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Friday, February 28, 2014

Terms of Reference of the Seventh Central Pay Commission approved by the Cabinet

Terms of Reference of 7th Central Pay Commission have been approved by the Cabinet and are as follows:

a)      To examine, review, evolve and recommend changes that are desirable and feasible regarding the principles that should govern the emoluments structure including pay, allowances and other facilities/benefits, in cash or kind, having regard to rationalization and simplification therein as well as the specialized needs of various Departments, agencies and services, in respect of the following categories of employees:-

Central Government employees-industrial and non-industrial;

Personnel belonging to the All India Services;

Personnel of the Union Territories;

Officers  and   employees   of  the   Indian  Audit  and   Accounts Department;

Members of regulatory bodies (excluding the Reserve Bank of India) set up under Acts of Parliament; and

Officers and employees of the Supreme Court.

b)      To examine, review, evolve and recommend changes that are desirable and feasible regarding principles that should govern the emoluments structure, concessions and facilities/benefits, in cash or kind, as well as retirement benefits of personnel belonging to the Defence Forces, having regard to historical and traditional parities, with due emphasis on aspects unique to these personnel.

 c)      To work out the framework for an emoluments structure linked with the need to attract the most suitable talent to Government service, promote efficiency, accountability and responsibility in the work culture, and foster excellence in the public governance system to respond to complex challenges of modern administration and rapid political, social, economic and technological changes, with due regard to expectations of stakeholders, and to recommend appropriate training and capacity building through a competency based framework.

d)     To examine the existing schemes of payment of bonus, keeping in view, among other things, its bearing upon performance and productivity and make recommendations on the general principles, financial parameters and conditions for an appropriate incentive scheme to reward excellence in productivity, performance and integrity.

e)      To review the variety of existing    allowances presently available to employees in addition to pay and suggest their rationalization and simplification, with a view to ensuring that the pay structure is so designed as to take these into account.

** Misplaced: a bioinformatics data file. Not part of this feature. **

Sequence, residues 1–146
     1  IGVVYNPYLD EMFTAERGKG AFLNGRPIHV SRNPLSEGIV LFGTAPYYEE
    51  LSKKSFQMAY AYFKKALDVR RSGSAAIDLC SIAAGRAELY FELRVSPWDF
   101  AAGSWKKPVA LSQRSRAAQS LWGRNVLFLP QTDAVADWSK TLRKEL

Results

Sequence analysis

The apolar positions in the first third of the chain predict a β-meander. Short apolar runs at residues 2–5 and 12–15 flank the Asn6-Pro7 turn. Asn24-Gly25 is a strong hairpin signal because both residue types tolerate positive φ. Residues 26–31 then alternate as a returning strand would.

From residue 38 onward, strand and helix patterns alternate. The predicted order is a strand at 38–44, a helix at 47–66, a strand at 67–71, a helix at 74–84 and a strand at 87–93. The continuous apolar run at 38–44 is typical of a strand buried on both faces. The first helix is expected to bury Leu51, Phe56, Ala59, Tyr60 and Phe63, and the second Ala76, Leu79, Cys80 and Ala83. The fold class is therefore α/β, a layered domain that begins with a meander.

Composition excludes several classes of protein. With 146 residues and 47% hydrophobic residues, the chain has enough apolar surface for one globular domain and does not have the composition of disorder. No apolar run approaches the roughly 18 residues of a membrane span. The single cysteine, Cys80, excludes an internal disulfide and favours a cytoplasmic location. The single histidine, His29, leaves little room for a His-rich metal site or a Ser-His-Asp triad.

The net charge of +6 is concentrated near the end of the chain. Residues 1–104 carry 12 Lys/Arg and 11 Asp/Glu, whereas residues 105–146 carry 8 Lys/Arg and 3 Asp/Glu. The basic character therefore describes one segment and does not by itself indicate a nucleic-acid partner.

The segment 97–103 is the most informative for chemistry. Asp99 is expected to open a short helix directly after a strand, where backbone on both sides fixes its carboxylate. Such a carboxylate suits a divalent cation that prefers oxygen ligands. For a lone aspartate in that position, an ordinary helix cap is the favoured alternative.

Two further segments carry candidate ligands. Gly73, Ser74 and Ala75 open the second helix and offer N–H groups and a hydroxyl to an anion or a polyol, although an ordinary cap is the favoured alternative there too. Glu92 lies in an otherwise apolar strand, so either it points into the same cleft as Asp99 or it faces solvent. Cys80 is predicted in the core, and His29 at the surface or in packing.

f)      To examine the principles which should govern the structure of pension and other retirement benefits, including revision of pension in the case of employees who have retired prior to the date of effect of these recommendations, keeping in view that retirement benefits of all Central Government employees appointed on and after 01.01.2004 are covered by the New Pension Scheme (NPS).

 g)      To make recommendations on the above, keeping in view:

 (i)   the economic conditions in the country  and need for fiscal prudence;

(ii) the need to ensure that adequate resources are available for developmental expenditures and welfare measures;

(iii) the likely impact of the recommendations on the finances of the State Governments, which usually adopt the recommendations with some modifications;

(iv) the prevailing emolument structure and retirement benefits available to employees of Central Public Sector Undertakings; and

(v) the best global practices and their adaptability and relevance in Indian conditions.

 h)      To recommend the date of effect of its recommendations on all the above.

The Commission will make its recommendations within 18 months of the date of its constitution.  It may consider, if necessary, sending interim reports on any of the matters as and when the recommendations are finalised.

Tuesday, February 25, 2014

Two book releases in the near future that deserve our attention

I would like to introduce the readers of our blog to two books which are soon to be released.

The Avatari: The book is being published by Hachette and being marketed as ‘The Adventure Thriller of the Year’. Authored by a serving Army Officer, Col Raghu Srinivasan, the book can be pre-ordered online at a discount from Amazon by clicking this link. A description of the book as reflected @ Amazon, is as follows:

A Mythical Kingdom: Legend has it that only those chosen by destiny can gain entry into Shambhala, the mythical kingdom believed to hold the ancient wisdom that humanity will need to resurrect itself from the inevitable apocalypse. They are the Avatari.